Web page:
Toronto Board of Education and Ontario's Double Standard

The Toronto District School Board has decided to follow thorough on its plans to eliminate 87% of Education Assistants.  Over 400 education assistants will be laid off, and over 400 early childhood educators (ECEs) will be hired to replace them.  ECEs are required by Ontario law to deliver the new full-day kindergarten program.

Don't feel too bad for the educational assistants though.  The government has offered to hire them as ECEs if they will complete their ECE training at a local college within two years.  

I have posted before on how unfair this is to special needs students.  Don't be fooled - the lack of assistance for students will result in more students being sent home or attending for partial school days only.  Parents will have to fight more than ever for services that should be provided to them freely.

If that is not unfair enough, consider the double standard the government applies to early childhood education and special education.  Apparently, to work with four and five year old children in an educational setting, you need a one or two year diploma to qualify you to deliver this education.

Colleges in Ontario have offered a good program in Autism and Behavioural Science for years now, yet no educational staff who work with children with autism require this diploma.  Tell me why an untrained educational assistant is qualified to work with children with autism, yet that same EA requires a year or more of training to work with young, typical children?

There is no choice for children with autism in Ontario.  Either the child is home-schooled (partially or full-time), the parents are on the hook for the full cost of their education, or parents must flee the jurisdiction.  Don't worry though, little Jonny is getting a fully trained early childhood educator and can attend school all day.  It'll save his parents a bundle on child care.  What's not to like about that?  

Thursday, March 22, 2012

Latest Toronto School Board Plan Proves No Accountability in Special Education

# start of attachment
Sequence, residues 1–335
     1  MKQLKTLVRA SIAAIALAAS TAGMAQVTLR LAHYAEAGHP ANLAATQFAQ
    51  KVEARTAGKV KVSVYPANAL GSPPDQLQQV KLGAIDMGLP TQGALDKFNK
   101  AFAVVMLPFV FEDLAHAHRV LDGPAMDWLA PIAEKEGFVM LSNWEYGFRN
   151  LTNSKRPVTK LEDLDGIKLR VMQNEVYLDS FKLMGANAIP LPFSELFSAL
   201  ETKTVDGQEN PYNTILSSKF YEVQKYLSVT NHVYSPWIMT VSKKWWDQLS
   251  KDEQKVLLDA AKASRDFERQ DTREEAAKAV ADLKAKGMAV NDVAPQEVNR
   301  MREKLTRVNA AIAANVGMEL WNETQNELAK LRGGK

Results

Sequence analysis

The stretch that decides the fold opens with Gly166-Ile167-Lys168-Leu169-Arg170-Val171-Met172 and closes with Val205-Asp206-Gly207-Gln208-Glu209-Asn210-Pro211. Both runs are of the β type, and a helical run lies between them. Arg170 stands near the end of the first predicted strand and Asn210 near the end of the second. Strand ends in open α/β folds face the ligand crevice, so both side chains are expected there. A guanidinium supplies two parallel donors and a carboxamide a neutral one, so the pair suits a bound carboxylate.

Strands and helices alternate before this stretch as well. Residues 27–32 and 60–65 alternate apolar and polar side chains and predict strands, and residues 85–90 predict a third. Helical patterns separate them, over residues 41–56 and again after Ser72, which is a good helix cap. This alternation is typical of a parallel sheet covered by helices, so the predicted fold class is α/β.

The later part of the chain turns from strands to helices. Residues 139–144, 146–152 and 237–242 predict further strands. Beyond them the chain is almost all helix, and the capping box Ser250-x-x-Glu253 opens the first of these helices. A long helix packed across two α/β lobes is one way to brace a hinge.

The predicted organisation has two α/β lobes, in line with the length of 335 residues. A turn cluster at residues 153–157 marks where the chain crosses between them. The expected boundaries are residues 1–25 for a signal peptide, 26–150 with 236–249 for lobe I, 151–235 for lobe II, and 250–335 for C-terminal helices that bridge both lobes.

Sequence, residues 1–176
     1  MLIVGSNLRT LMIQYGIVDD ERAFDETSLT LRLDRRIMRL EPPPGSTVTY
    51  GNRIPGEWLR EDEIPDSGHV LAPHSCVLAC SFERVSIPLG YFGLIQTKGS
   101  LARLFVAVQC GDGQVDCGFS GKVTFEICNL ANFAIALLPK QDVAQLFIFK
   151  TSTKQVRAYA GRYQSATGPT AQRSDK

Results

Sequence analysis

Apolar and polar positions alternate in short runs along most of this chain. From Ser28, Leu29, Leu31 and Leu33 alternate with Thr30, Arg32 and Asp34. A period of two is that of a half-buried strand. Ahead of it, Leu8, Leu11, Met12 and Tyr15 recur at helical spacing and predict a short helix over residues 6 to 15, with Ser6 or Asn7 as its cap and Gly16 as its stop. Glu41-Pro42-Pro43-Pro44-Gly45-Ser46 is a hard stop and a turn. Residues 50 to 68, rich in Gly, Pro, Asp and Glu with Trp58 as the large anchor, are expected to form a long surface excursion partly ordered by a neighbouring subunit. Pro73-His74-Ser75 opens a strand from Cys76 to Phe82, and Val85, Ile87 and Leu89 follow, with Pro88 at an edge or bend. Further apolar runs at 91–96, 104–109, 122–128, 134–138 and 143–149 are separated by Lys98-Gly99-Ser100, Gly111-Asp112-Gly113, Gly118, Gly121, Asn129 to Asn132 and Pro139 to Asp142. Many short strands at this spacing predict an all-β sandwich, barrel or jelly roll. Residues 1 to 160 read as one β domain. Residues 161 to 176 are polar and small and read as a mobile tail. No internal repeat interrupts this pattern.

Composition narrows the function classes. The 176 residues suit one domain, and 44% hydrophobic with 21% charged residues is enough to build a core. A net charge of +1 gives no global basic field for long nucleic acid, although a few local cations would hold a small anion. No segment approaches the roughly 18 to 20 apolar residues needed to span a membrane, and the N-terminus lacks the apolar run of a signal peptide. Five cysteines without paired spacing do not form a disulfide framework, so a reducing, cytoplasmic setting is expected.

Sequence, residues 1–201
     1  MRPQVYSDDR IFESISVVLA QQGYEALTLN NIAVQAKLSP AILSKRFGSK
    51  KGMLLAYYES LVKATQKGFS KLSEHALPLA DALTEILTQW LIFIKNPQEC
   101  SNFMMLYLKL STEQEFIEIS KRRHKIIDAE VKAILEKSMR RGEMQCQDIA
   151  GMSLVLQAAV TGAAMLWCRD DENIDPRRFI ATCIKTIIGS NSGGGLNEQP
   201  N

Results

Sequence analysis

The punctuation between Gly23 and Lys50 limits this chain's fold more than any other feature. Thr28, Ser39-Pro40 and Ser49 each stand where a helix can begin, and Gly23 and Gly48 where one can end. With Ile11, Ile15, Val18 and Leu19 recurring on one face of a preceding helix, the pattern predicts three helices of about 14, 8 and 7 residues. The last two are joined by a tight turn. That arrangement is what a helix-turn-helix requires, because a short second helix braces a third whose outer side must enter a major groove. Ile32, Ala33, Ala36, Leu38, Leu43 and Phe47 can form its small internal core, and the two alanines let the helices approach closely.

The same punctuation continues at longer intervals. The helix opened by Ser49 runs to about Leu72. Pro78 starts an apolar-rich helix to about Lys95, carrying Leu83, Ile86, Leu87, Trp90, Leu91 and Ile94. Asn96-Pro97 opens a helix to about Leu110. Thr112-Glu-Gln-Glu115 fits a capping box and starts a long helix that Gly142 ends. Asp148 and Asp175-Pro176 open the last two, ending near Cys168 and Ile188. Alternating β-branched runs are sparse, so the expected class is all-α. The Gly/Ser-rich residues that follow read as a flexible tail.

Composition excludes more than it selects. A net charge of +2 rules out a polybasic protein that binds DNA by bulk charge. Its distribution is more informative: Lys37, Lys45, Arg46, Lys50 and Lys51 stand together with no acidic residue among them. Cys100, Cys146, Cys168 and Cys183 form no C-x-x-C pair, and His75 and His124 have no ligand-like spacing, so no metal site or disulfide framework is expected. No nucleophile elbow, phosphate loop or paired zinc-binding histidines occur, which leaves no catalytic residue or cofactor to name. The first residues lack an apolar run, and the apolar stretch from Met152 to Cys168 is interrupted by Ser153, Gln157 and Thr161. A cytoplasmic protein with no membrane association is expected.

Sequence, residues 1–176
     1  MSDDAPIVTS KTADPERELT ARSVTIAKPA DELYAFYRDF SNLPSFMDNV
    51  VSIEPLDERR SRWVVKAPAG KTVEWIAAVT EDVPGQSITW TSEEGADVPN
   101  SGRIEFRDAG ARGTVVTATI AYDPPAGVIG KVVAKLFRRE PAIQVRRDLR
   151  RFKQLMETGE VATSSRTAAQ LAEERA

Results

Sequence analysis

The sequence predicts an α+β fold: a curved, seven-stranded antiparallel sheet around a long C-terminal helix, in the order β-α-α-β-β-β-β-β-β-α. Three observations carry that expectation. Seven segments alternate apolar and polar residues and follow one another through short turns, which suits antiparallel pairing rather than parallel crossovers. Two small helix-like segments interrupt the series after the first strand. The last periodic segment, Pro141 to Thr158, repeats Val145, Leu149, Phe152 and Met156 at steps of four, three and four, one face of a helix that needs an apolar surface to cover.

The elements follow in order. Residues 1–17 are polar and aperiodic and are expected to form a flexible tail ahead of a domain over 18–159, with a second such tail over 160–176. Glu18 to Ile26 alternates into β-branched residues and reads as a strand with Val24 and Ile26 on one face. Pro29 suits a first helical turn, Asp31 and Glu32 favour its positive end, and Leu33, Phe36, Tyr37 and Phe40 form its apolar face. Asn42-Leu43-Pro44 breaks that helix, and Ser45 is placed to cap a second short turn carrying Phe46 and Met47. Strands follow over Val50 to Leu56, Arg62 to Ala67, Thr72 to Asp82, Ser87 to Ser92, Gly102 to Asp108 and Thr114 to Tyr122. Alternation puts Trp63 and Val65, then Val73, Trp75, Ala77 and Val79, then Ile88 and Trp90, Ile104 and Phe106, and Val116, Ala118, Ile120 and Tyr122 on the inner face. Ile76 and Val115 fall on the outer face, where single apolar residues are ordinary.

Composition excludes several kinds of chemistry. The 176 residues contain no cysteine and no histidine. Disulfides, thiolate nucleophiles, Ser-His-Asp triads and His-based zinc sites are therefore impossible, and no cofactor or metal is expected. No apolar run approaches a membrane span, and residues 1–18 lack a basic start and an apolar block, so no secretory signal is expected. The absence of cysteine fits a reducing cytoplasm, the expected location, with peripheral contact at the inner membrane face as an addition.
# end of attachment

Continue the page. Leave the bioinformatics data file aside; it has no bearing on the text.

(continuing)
The Toronto District School Board is considering a proposal to balance its budget by reducing educational assistants by 87% (reducing 493.5 full time equivalent positions to just 63.5 positions).  The stated reasoning is to hire 400 early childhood educators to fulfill the board's requirements in implementing full-day learning for four and five year old students.

Special education funding is very seriously misused in Ontario.  Although money is allocated for special education, it is given to each school board to do with as it pleases (a fact stated by an education official in the above article:
A spokesman for the education ministry, Grahame Rivers, said funding for the TDSB has increased since 2003.

Ultimately, it is the TDSB’s decision how to best allocate resources in Toronto schools,” he said.
 Funding is increasing, but funding does not follow each student.  It is allocated based on the needs of the board.  In this way, "special education funding" is a joke - there is no accountability in the way the funds are spent.  Why even bother having distinct funding streams if the boards can spend any way they please?

How is it fair that hundreds of students with special needs are having support staff taken away so that hundreds of four and five year old children have a longer school day?  Schools will do what they can, but the result of this change will result in most students not attending school or attending with reduced hours.  Luckily A is not yet in school, but if she were (and she is old enough to go into early years education) there is no way she could attend without support and actually learn anything.

Some of you may disagree with me on this, but I don't even believe full-day early learning is needed.  I believe it is a back-door way of getting free childcare in Ontario so that parents get a free ride.

Interestingly, a study in the United States on their Head Start program (which includes pre-school education, nutrition and other services for low income families) states that:
The benefits of access to Head Start at age four are largely absent by 1st grade for the program population as a whole.
Obviously we can't compare this directly to Ontario's program since in the United States kindergarten is not full-time.  However, early learning at the four-year old level does not appear (in this study) to influence academic trajectory.

Ironically, parents who try to assist the schools by trying to provide staff of their own are re-buffed and educational assistants will grieve any attempt to put in staff because that person is taking the job away from a unionized EA.  A parent cannot put their own staff in place to help their child, but they also cannot rely on the school to do so either, especially with so few EAs available (now just 64 education assistants for a city of almost three million people).

So for parents of typical children who are four and five:
  • They pay taxes
  • Both parents can work with free child-care, a.k.a. full day learning
  • Extra income = more opportunities
  • And if you're in Toronto... special academy schools for kids in music and leadership
For parent of children with special needs:
  • They pay taxes
  • Their children must attend fewer hours or not at all
  • One parent must remain home to home-school or be around when the school ejects the student, or must work full-time to pay for private education